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Appeal Deadline Approaching for Municipal Property Taxes

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Municipal Law Bulletin

Property owners across Ontario should have received notices of their property’s new assessed value from the Municipal Property Assessment Corporation (“MPAC”). Subject to changes that may be made by MPAC in certain limited circumstances, the 2012 assessment will form the basis of all property taxes for the next four years, ending in 2016. Accordingly, it is very important to look closely at the value that has been assessed and request a reconsideration of that value, or appeal it, if there is reason to believe that it may be too high or in a wrong tax class.

March 31, 2013 is the deadline for appeals in respect of the 2012 assessment. The March 31st deadline is applicable to all appeals made to the Assessment Review Board (the “ARB”), which is an independent tribunal of the Ontario Ministry of the Attorney General. However, certain property classes (described below) must submit a “Request for Reconsideration” (“RFR”) before an appeal can be filed with the ARB.

Request For Reconsideration

Properties that have been classified by MPAC, as residential, farm or managed properties must submit an RFR using the requisite form (PDF), before an appeal can be filed with the ARB. This includes properties where only a portion of the property is residential, farm or managed. The RFR is free to file and the online form contains instructions. The deadline to submit an RFR is April 2, 2013.

The reconsideration and appeal deadlines are set by statute and cannot be extended by MPAC. If a property owner is not satisfied with the outcome of the RFR, they can still appeal their assessment to the ARB. Those appeals must be filed within 90 days after the notice of the outcome of their RFR is mailed by MPAC.

Assessment Appeals

Owners of commercial, industrial and multi-unit residential properties do not need to submit an RFR before appealing their property taxes. That is, filing an RFR is an optional step for owners of properties in these classes; they can file an RFR prior to appealing their assessment or appeal directly to the ARB. Whether or not an RFR is filed, the deadline for ARB appeals for these owners is still March 31, 2013. Therefore owners of commercial, industrial and multi-residential properties must carefully assess the appropriate appeal route, in light of their circumstances, and act accordingly.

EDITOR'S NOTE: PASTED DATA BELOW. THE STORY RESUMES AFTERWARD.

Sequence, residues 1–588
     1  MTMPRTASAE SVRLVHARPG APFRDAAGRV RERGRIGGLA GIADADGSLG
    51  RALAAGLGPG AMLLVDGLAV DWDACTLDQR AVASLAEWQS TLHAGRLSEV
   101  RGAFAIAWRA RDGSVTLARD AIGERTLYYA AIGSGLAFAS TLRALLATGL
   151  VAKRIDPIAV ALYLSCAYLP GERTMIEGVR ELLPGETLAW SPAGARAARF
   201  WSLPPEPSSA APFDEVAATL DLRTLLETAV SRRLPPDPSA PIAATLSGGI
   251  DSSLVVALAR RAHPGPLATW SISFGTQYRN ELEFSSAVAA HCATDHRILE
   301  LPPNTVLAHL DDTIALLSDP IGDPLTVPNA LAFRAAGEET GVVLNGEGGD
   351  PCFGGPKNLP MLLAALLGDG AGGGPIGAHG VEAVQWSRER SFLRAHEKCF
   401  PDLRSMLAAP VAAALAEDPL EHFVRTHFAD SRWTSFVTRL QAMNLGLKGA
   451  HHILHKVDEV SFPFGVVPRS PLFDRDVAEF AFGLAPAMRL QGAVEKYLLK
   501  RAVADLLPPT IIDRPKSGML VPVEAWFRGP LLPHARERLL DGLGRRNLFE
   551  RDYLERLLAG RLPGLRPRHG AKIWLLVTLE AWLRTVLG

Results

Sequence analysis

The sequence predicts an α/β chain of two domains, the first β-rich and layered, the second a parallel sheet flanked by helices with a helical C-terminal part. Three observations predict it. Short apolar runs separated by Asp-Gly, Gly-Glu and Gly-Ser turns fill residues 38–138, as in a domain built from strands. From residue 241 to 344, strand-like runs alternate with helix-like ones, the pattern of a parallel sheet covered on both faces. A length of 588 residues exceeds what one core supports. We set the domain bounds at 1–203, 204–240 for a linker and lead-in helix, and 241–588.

More information about appeals, including forms, fees and how to file an appeal, can be found online at

How We Can Help

There are a number of reasons why property owners may wish to consult legal counsel, either before or after filing an appeal. Generally, property owners should keep the following in mind:

1) Filing An Appeal - As noted above, owners of commercial, industrial and multi-unit properties will need to decide whether an RFR should be filed along with an appeal. We can assist with that analysis and help to ensure that appeal documentation is effective and complete.

2) Capping and Clawback - Many business properties are still affected by provincial legislation that has capped their tax liability or created clawbacks in the event of a tax reduction. Because of capping and clawbacks, appeals do not always yield the desired benefit and it is important to do an analysis before proceeding with a hearing at the ARB. We generally recommend that an appeal is filed to preserve your opportunity to determine how capping and/or clawback impacts your property. We lawyers can help with that analysis (and potentially engage paralegals/consultants to assist in doing so) and determine whether it is in your interest to continue resolve your appeal.

3) Hearings before the ARB - The ARB is a formal “court-like” tribunal with specific rules of evidence. For example, MPAC has the onus of proving the accuracy of an assessed value but any remaining grounds of appeal must be proven by the appellant. We understand the various grounds of appeal and what is required to discharge the appellant’s burden of proof.


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